The oldest-ever member of the House of Representatives has been ousted at age 91, after a primary runoff against a little-known Republican challenger in Texas.
Rep. Ralph Hall on Tuesday also became the first congressional incumbent to lose a primary this year. He had told voters if he had been elected to an 18th term, it would be his last.
Hall was defeated by John Ratcliffe, a 48-year-old former U.S. attorney who used modern analytics to better target would-be voters. He also has won the support of powerful national conservative groups with strong Tea Party ties, including the Club for Growth and Senate Conservatives Fund.
Hall, who hails from Rockwell east of Dallas, relied on a more-traditional campaign, using direct mailings and walking the district, interacting with voters and handing out pennies fitted with bands bearing his name.
Hall was endorsed by Tea Party favorite Rep. Michele Bachmann of Minnesota and leading Christian conservative voice and former Arkansas Gov. Mike Huckabee.
Last week, conservative grass-roots superstar U.S. Sen. Ted Cruz of Texas praised Hall's courage while presenting him an award for his military service. Hall is the only World War II veteran left in Congress seeking re-election.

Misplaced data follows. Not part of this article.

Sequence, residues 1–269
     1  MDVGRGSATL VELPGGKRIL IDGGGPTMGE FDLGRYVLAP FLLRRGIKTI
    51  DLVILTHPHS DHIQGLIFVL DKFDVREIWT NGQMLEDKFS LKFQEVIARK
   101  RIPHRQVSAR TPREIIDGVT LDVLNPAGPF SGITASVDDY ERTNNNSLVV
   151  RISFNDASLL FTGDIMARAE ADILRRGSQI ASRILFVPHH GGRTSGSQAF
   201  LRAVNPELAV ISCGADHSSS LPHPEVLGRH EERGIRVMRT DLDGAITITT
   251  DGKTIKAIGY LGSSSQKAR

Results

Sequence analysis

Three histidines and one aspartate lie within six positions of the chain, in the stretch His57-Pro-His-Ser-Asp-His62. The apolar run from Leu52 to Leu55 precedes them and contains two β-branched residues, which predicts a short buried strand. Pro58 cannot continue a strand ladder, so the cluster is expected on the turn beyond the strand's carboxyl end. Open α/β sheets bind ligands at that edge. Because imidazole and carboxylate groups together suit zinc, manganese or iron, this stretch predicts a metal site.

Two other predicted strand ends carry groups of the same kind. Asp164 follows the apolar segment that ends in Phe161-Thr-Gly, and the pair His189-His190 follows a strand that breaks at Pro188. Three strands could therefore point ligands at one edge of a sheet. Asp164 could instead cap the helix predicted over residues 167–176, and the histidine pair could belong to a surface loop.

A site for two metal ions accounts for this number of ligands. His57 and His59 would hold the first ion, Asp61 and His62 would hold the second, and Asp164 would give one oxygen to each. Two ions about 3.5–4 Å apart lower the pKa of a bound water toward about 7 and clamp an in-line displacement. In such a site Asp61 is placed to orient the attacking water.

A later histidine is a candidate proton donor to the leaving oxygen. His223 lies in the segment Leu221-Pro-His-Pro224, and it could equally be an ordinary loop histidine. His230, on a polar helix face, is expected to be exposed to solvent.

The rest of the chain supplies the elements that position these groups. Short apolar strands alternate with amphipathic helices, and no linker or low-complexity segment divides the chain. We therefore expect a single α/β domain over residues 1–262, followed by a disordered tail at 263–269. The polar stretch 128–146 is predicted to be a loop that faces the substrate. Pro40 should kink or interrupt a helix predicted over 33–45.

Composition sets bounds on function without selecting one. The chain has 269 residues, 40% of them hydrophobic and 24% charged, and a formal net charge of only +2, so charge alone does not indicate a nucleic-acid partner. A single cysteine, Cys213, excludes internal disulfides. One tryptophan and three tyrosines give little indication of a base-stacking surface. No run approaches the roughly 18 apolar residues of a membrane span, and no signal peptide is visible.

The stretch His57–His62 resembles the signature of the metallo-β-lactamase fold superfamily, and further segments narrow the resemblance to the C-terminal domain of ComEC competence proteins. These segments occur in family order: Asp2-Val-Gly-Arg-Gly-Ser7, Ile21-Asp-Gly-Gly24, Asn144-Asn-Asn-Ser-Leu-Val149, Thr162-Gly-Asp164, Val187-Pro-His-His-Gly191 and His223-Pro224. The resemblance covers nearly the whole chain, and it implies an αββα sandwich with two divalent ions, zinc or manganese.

"He's running against my birth certificate," Hall said of Ratcliffe.
That wasn't enough for some. Neville Govender, casting his ballot Tuesday at city hall in the town of Heath, where Ratcliffe was once mayor, said he had never bothered to vote in a congressional election until this year because he knew Hall would win in a rout.
The 46-year-old said he was excited by Ratcliffe's background working as a U.S. attorney in President George W. Bush's administration.
"I just believe in what he stands for, his energy," Govender said. "I believe we need change."
No Democrat is running, ensuring Ratcliffe will win in November.
The Associated Press contributed to this report